I have always taken the existence of inertia more or less for granted, as an observational fact that does not require explanation.

But on reflection this is an unscientific attitude, and perhaps there exists a deeper reason for the existence of inertial mass. Of course, in the absence of an explanatory theory of inertia that makes testable predictions we should be wary of ascribing importance to an observation that seems to stand by itself, but that does not mean the question is somehow beyond the realm of scientific inquiry.

Happily, in (1) Sciama put forth the bold hypothesis that the inertia of a single object is due to the action of the mass of the rest of the universe (since becoming aware of this I have found various other theories of inertia of greater or lesser cogency, but many of them seem to veer into quackery).

Sciama also worked out a prediction of his theory - that is, his theory is falsifiable. Specifically, the gravitational constant becomes a function of the distribution of matter in the (presumably observable) universe, so that a precise value of G predicts a value for the mean density of the universe.

The value provided in the original paper of 1953 is $\rho \approx 5\times 10^{-27}g cm^{-3} $ , which Sciama argued was not incompatible with the observational estimates of the time ($\rho \approx \times 10^{-30}g cm^{-3}$).

A quick google search (e.g. https://wmap.gsfc.nasa.gov/universe/uni_matter.html) suggests current estimates are around $9.9 \times 10^{-30}gcm^{-3}$, i.e. still of the same order of magnitude as in the 1950s(!).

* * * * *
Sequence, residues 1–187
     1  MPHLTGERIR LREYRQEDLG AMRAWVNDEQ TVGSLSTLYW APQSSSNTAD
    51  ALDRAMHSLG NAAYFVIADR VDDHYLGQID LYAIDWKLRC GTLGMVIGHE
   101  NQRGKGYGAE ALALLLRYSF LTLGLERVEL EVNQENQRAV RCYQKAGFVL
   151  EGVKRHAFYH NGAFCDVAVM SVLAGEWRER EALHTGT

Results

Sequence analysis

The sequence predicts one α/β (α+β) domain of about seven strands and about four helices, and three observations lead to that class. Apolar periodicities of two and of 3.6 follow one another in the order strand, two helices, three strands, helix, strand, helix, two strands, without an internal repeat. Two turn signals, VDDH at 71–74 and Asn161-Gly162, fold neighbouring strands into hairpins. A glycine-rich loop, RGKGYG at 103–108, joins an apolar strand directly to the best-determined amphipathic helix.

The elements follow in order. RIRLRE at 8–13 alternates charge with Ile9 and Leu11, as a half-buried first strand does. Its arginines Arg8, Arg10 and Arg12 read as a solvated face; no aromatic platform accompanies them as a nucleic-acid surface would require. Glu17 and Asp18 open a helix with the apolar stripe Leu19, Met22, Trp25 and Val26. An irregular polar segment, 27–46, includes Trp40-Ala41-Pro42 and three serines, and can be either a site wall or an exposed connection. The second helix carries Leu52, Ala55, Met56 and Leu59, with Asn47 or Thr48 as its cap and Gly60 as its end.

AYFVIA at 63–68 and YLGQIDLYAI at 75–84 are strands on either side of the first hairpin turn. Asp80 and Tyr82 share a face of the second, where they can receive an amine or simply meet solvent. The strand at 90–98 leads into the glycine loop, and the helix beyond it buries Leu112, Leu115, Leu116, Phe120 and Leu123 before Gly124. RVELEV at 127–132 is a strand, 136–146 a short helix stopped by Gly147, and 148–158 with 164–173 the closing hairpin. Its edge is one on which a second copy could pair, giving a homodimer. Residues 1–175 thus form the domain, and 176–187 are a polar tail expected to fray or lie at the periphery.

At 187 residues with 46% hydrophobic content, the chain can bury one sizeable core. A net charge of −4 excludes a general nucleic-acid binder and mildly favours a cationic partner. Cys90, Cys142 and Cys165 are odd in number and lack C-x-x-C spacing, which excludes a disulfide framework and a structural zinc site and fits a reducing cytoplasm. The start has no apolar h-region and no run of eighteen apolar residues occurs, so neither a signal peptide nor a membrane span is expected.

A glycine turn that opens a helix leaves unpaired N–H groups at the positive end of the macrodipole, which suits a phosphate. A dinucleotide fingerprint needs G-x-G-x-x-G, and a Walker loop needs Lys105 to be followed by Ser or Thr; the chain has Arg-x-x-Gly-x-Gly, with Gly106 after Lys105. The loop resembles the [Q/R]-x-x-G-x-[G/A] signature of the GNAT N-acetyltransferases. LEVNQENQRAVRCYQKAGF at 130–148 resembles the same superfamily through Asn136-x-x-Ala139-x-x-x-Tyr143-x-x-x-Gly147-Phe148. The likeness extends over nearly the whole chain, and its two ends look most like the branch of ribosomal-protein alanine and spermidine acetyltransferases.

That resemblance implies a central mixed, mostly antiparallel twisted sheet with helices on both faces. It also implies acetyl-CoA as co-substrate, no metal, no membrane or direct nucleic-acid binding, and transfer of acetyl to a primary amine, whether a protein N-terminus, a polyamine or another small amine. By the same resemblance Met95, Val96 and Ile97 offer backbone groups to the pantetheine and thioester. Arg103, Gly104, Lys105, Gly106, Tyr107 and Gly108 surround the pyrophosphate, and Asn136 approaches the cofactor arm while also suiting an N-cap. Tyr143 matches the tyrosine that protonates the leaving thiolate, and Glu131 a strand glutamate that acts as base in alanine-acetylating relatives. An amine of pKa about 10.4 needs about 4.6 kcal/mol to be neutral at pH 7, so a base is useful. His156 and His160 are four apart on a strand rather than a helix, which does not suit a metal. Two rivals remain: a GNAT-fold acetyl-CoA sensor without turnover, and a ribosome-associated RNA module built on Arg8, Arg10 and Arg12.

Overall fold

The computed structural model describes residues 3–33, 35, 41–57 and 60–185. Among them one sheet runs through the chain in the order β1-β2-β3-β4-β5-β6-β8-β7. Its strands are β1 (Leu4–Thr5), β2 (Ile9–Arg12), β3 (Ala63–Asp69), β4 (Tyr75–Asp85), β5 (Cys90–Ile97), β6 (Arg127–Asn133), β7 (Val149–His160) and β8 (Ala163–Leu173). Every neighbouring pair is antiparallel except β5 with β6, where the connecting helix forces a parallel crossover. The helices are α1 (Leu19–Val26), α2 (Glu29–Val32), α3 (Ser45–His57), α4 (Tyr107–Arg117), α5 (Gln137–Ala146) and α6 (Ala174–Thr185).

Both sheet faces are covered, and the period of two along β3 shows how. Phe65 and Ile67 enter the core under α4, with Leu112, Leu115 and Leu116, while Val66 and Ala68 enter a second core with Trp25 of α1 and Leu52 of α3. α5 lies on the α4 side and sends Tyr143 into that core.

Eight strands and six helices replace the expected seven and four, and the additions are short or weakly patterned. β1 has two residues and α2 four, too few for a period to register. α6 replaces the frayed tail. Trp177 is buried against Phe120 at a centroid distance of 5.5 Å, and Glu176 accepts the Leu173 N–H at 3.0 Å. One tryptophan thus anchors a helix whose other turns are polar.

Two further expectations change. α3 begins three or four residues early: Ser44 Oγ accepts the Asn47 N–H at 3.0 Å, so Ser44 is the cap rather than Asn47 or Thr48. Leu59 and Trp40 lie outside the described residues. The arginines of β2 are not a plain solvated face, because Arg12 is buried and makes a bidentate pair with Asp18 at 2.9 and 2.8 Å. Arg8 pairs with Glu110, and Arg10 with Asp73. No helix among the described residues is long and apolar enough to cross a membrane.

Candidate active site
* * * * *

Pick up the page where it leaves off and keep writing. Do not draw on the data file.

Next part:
Is this sufficient to definitively falsify Sciama's theory (which made numerous simplifications), or are there reasons to doubt this quantity?

(1) Sciama, Dennis William. "On the origin of inertia." Monthly Notices of the Royal Astronomical Society 113.1 (1953): 34-42. https://doi.org/10.1093/mnras/113.1.34

  • $\begingroup$ To me (a layperson), Sciama's view seems to be dependent on the idea (espoused by Ely Cartan in that Einstein-Cartan Theory whose cosmological implications have been the most thoroughly explored in the numerous papers that have, since 2010, been written by Nikodem Poplawski, & can be found by his name on Cornell University's << Arxiv >> site): It's difficult, if not impossible, to see how inertia would have been extended, in the ways verbally described by him, in any multiverse whose subatomic particles would be inherently pointlike. I'm relieved to see similar views, 14 hrs. later. $\endgroup$
    – Edouard
    Commented Dec 31, 2022 at 10:18

1 Answer 1


Summary: Sciama's approach essentially ends up predicting the critical density of the Universe, so in that sense, it is entirely consistent with modern observation. Whether his theory actually brings any useful modern insight is quite another question.

TLDR version

This 2009 paper by Gine (you can find a pdf by searching Google Scholar) reproduces key elements of the Sciama paper in a more digestible fashion, pointing out that $\tau=1/H_0$ where $H_0$ is the Hubble Constant, with the key equation obtained by Sciama (Eqn. 4 in Gine's paper), with $R_u$ and $M_u$ being the radius and mass of the Universe: \begin{equation} \notag G = \frac{c^2R_u}{M_u} \end{equation} Assuming a uniform Universal density $\rho_u$, and a sameness between inertial and gravitational mass, Gine presents Scima's Universal density estimate as: \begin{equation} \notag \frac{4\pi G\rho_u}{3H_0^2}=1 \end{equation} That should be recognizable as the critical density of the Universe $\rho_u \sim \rho_c$, although we seem to be missing a factor of two! Indeed we are, because while Gine kinda correctly associated $R_u$ with a universal radius, in fact $R_u=l_\Lambda$ i.e. the future cosmic event horizon radius, and $M_u=2M_{CEH}$, where $M_{CEH}$ is the rest mass-energy of the future cosmic event horizon, as per Lineweaver.

Therefore $2\rho_u=\rho_c=3H_0^2/8\pi G$. The critical density of the Universe.


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